3D printing advantages solidify for packaging

February 20, 2015

2 Min Read
3D printing advantages solidify for packaging
Examples of 3D printed objects including molds and containers made from those molds.

This week at Pack Expo East, David Macfie of Cimquest provided an overview and update of 3D printing technology, citing companies including The Dial Corp. and Silgan Plastics that were using it for packaging.

“By noon today, everyone in this room will have been impacted by 3D printing,” declared David Macfie of Cimquest, a Value Added Reseller (VAR) of 3D printing systems operating throughout the northeast U.S. that also offers 3D scanning services. Macfie spoke during the kickoff session of the 3-day International Society for Pharmaceutical Engineering (ISPE) conference before the Pack Expo East exhibition opened on Monday in Philadelphia.

Macfie is the company’s director of Stratasys 3D printing system sales, which the company has been selling since 1990. He referenced the fact that everyday items from the snooze button on a Bose audio system to Colgate toothbrushes and more have had a design assist from 3D printing, a market forecast by ID Tech Ex to reach $20 billion by 2025; McKinsey estimates that the economic impact of the technology could reach $550 billion a year by 2025.

“Applications drive growth,” he said of the 20% to 30% CAGR 3D printing market, “and touch every market except finance.”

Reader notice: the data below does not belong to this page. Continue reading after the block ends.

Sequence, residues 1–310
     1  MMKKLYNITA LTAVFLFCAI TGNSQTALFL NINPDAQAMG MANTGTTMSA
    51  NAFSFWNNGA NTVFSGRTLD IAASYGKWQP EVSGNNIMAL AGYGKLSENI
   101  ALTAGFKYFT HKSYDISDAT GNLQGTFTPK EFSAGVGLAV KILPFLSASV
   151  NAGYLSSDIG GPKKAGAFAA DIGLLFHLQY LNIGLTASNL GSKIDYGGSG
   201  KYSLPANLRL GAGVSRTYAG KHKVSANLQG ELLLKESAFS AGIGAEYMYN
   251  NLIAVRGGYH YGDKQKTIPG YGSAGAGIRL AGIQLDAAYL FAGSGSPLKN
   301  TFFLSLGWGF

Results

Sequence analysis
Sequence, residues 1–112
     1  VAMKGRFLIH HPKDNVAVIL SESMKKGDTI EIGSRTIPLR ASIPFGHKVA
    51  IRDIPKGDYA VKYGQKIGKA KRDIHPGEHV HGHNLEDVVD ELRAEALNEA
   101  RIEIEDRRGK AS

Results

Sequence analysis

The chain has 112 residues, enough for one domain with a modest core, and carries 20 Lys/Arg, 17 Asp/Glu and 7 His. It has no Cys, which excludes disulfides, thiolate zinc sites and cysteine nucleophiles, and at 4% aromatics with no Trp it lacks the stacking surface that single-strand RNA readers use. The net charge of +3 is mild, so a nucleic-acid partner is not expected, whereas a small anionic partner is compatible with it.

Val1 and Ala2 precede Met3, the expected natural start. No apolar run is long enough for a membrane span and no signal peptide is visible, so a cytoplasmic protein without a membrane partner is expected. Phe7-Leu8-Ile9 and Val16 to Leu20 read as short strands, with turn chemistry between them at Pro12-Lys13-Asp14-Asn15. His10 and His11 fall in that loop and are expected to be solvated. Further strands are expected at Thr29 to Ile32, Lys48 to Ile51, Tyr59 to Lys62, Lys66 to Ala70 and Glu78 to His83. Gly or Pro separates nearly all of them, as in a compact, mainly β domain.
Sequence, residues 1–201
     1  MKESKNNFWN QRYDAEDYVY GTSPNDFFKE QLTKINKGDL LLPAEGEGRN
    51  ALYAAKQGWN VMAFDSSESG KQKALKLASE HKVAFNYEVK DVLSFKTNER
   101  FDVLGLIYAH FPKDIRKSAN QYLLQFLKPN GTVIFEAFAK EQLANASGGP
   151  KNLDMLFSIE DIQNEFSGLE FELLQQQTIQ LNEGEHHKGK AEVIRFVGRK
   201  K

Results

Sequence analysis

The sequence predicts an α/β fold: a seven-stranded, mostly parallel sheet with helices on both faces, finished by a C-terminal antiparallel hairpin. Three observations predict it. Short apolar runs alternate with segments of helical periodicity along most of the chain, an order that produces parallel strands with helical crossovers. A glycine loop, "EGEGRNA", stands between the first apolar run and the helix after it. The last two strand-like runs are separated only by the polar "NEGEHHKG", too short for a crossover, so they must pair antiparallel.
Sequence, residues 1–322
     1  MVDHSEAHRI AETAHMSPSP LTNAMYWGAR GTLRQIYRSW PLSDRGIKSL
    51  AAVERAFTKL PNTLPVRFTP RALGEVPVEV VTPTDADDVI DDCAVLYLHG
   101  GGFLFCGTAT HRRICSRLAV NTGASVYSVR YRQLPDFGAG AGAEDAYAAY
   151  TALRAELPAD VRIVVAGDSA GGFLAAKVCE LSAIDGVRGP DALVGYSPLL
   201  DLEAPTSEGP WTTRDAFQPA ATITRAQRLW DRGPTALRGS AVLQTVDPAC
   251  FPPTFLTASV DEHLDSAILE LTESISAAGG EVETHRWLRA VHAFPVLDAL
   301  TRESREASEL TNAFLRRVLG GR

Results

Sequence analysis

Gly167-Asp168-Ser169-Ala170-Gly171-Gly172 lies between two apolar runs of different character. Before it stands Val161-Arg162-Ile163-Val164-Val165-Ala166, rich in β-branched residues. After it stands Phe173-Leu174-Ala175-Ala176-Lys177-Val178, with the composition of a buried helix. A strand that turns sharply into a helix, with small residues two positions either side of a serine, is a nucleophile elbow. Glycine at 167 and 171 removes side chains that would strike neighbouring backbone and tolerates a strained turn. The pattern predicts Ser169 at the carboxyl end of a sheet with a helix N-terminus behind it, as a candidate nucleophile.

“A sophisticated hot-glue gun”

 Macfie also noted the following:

  • There are seven different kinds of 3D printing methods each with their own strengths and weaknesses within the two basic types of additive and subtractive;

  • Hybrid systems are available that have both additive and subtractive operations;

  • The four 3D printing “buckets” applicable for packaging are concept models, functional prototypes, manufacturing tools and end-use parts;

  • He wryly characterized Stratasys’s Fused Deposition Model (FDM) extrusion technique as a “sophisticated hot-glue gun” that’s easy to use and offers a real thermoplastic, though it yields a porous, rough-surfaced object.

The technology can be used in packaging to create molds for blow molding, injection molding and thermoforming.

“The sweet spot for 3D printing is where the complexity of the object to be printed is high and the volume is low,” he said.

Brand owner and vendor users

Macfie cited companies that were using 3D printing for packaging:

The Dial Corp.’s 3D printing groups use the technology to develop home-care products focused on packaging where it helps to communicate concepts accurately.

Silgan Plastics used 3D printing to speed the development of the snap-fit lid for the spoonable container version of Truvia sweetener and helped cut the lead time for that process from 30 days to 2 days.

Xerox Corp.’s application for thermoform packaging reduced costs and cut lead time both by more than 90%.

Thermoformer Tray-Pak creates nearly all of its molds using 3D printing and gets 1,200 to 1,500 parts from a printed mold. The time to produce customer samples is reduced from 3-6 weeks to 1-2 days.

Other customers include brand owners Estee Lauder, Coty, L’Oreal, GlaxoSmithKline and Mondelez and vendors GenPak, Lombardi Plastic and Smart Design Co.

For more information, visit Cimquest.

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